Bill would make hospitals subject to open meeting law


Should Vermont hospitals be subject to the state’s open meeting law?

That’s the question legislators will consider Wednesday at a joint hearing of the House and Senate health committees . If House Bill 440 is enacted, the government transparency law  would apply to board meetings for hospitals and accountable care organizations come July 1.

“I think hospitals essentially operate as public institutions. They account for an enormous amount of our taxpayer dollars,” he said. “We should be able to better understand their decision-making processes. … As we engage in an era of health care reform, we ought to be opening up the process to public scrutiny whenever possible.”

Democratic Sen. Claire Ayer, who chairs the Senate Health and Welfare Committee, had a similar bill drafted, but she hasn’t introduced it. She said she wants to mull it over.

“We want to know if it makes sense for hospital meetings to be subject to the (open meeting) law,” she said. “The reason is that more than half of their dollars come from the public … so we have a real public interest in seeing that they’re well spent.”

But hospitals aren’t so keen on the idea. They point out that they are not government entities and that their budgets are subject to a public review process by the Green Mountain Care Board, which must adhere to the open meeting law.

The Vermont Association of Hospitals and Health Systems notes that the federal Centers for Medicare and Medicaid Services survey hospitals every three years and investigate patient complaints. When hospitals bring on new services and make capital improvements, they also must obtain a certificate of need from the state. The hospital association also points out that nonprofits have competitors, including those across state borders.

“We understand Vermonters are concerned about changes to how they receive and pay for their health care,” said Jill Olson, the association’s vice president of policy. “The open meeting law is an overly blunt instrument that could impede a constructive decision-making process. Community hospital board members should have the opportunity to consider and debate proposals before presenting them to their communities and regulators.”

Fletcher Allen Health Care shares the association’s position, spokesman Mike Noble said. Fletcher Allen’s board provides time for public input at each board meeting, he said.

“Fletcher Allen board meetings have had a period for public comment at the beginning of each meeting since it was founded in 1995,” he said. “Further, a portion of the board meetings (is) open to the public beyond the comment period. We publish a notice for those meetings in the Free Press and on our website.”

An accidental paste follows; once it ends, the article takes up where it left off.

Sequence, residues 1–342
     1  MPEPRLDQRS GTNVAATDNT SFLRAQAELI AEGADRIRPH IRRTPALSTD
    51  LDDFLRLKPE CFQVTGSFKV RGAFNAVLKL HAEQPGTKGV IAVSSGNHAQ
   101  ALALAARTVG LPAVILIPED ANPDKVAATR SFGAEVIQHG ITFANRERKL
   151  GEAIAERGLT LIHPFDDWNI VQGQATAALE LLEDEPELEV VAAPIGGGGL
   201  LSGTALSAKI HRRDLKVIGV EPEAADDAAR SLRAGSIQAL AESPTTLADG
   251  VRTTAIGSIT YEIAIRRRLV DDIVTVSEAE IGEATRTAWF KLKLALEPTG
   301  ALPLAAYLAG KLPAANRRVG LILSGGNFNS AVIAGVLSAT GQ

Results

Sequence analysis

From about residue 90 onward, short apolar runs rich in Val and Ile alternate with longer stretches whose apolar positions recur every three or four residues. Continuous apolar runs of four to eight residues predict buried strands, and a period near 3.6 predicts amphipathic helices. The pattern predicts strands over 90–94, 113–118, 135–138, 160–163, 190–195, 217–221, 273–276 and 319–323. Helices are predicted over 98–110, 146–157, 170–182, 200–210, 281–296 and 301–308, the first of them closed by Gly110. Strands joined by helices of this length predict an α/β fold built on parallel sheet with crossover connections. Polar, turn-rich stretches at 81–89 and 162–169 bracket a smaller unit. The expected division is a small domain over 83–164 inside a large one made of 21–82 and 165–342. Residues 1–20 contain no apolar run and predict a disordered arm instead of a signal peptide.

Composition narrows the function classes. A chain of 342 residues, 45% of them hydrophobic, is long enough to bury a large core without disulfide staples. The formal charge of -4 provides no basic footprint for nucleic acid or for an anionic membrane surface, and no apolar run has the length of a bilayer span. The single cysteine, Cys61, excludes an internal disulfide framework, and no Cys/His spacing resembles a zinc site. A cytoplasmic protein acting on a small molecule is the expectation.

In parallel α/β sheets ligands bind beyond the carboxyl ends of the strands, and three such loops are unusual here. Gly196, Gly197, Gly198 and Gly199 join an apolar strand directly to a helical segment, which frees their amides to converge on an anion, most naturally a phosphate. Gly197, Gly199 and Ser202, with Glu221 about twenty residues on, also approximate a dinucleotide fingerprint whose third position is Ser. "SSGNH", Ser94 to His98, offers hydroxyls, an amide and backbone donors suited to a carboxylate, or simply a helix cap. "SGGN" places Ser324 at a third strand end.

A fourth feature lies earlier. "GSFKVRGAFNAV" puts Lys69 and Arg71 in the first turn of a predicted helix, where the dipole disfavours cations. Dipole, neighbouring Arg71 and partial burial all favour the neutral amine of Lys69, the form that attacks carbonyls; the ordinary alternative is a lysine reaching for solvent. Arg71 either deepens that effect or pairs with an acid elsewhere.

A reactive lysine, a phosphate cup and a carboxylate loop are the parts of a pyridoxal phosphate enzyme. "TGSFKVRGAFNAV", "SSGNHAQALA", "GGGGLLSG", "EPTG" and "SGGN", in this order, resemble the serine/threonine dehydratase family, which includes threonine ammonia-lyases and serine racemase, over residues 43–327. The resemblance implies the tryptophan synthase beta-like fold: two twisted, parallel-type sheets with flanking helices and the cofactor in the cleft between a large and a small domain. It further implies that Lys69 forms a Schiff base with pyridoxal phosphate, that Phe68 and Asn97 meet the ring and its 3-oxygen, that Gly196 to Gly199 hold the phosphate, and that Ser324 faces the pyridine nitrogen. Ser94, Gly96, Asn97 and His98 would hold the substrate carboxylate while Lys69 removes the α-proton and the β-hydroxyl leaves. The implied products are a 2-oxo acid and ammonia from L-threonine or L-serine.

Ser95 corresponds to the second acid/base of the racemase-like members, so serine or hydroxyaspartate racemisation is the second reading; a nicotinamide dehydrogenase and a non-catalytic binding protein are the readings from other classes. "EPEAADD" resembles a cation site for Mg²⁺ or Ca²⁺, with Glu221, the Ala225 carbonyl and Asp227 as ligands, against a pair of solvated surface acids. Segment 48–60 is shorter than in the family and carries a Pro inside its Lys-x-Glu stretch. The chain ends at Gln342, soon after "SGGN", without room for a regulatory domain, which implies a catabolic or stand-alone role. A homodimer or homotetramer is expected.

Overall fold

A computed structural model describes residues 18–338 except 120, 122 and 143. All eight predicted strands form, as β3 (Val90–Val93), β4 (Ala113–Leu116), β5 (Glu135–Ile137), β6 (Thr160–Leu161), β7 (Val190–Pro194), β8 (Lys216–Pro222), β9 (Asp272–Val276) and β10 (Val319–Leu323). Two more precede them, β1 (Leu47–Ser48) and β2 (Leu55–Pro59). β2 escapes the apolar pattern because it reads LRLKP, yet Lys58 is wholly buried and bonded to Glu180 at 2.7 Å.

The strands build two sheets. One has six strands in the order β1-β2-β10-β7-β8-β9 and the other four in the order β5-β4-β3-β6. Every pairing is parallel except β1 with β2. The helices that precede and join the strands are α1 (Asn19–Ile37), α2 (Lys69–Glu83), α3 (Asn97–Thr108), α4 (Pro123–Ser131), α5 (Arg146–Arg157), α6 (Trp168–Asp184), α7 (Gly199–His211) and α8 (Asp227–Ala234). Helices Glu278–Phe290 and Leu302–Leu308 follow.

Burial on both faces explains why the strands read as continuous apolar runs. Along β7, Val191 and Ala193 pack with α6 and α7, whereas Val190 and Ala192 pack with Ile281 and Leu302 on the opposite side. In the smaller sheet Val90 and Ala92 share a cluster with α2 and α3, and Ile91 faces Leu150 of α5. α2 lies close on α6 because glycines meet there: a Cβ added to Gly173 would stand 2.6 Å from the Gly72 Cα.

Democratic Rep. Mike Fisher, who chairs the House Health Care Committee, said he’s concerned that in light of the many federal and state regulatory shifts being thrust upon hospitals in the next year, such a bill might hinder their ability to quickly adapt.

“There are a lot of changes going on in the world of health care delivery at this moment, and while open access to decisions that affect the public is important, this is a difficult time to be making major changes like this to private nonprofits,” he said.

Last week, the Green Mountain Care Board met with leadership from the 501(c)(3) nonprofit Vermont Health Care for All — a single payer advocacy group, which is pushing for the hospital open meeting bill. The nonprofit representatives told the board that they support greater transparency, not necessarily the bill’s exact language.

Con Hogan, a board member and former secretary of the Agency of Human Services, said that if the group desired more transparency, it should take a different track.

“You’re on a worthy hunt here, but my thought would be that you really do need to redo this — not to make it part of the open meeting law, but to get it done in another way,” he said.

Ellen Oxfeld, a Middlebury College professor and vice president of the nonprofit, told the board that she fears another incident like Fletcher Allen’s Renaissance Project, when millions of dollars in costs were kept off the books and executives went to jail.

“That will not happen again,” said Dr. Allan Ramsay, a Green Mountain Care Board member who formerly worked at Fletcher Allen.

Ramsay said he is concerned that hospital boards don’t represent the true diversity of the populations they serve. If boards aren’t held accountable by an open meeting law, he said, they should at least better represent the public.

“I’ll give you an example,” Ramsay told Bea Grause, the hospital association’s president. “On a (Federally Qualified Health Center) board more than half the board members have to be enrolled as patients. And, at least in the community health center in Burlington, one member at one point had to be homeless. That’s diversity.”